8. Bristol Palin condemns those who will not perform at Trump's inauguration.

As more and more celebrities refuse performances at Trump's January 20th inauguration, daughter of former Alaskan Governor Sarah Palin, Bristol Palin, condemned those celebrities on her blog. Most recently, there has been controversy about whether or not Rockettes must perform at the event if the dancers individually do not want to.

9. Journalist David Fahrenthold writes about his experience covering Trump's campaign.

Since the 2016 presidential election, journalists have reflected on the events of the election and how they were reported. A journalist at the Washington Post, Fahrenthold wrote about his experience covering the now president-elect. The essay, which covers the entire year that Fahrenthold covered Trump the candidate, was published in the Washington Post, and he ends the essay stating that he will cover Trump the president "with the same vigor as I scrutinized Trump the candidate."

10. As Sprint announces its creation of American jobs, Trump tries to take some credit.

Even though Sprint's newly-announced job creation is actually part of a Japanese partnership with SoftBank, president-elect has tried to garner some positive attention from the announcement since so much of his platform was about job creation. On December 6, however, Trump did meet with SoftBank officials, so he has not been completely uninvolved with these dealings.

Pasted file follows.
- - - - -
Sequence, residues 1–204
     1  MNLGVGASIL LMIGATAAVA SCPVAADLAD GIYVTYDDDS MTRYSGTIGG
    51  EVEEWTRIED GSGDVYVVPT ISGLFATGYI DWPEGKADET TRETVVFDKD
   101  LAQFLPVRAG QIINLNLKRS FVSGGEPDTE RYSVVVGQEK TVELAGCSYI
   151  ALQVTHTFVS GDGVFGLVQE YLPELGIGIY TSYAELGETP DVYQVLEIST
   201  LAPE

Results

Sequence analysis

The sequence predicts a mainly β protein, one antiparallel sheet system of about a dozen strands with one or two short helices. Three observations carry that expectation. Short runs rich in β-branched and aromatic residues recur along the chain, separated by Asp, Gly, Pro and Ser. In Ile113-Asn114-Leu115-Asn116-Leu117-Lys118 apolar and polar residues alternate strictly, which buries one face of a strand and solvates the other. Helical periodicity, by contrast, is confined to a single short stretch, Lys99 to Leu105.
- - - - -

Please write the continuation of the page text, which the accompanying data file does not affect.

Even though 2016 was certainly very eventful, 2017 promises to be historic itself. On January 20, 2017, Donald Trump will be inaugurated as the 45th president of the United States, after all.

Lead Image Credit: @charliesheen via Twitter

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Karly Matthews - Temple University

Karly Matthews is a political science and journalism major with a Spanish minor at Temple University. In high school, she was editor-in-chief of her school's online newspaper, a member of the yearbook staff, a Spanish Club officer and a dancer for 12 years. In her free time, Karly drinks too much coffee and follows politics with an obsessive passion. Follow her on Twitter and Instagram @karlymatthews_!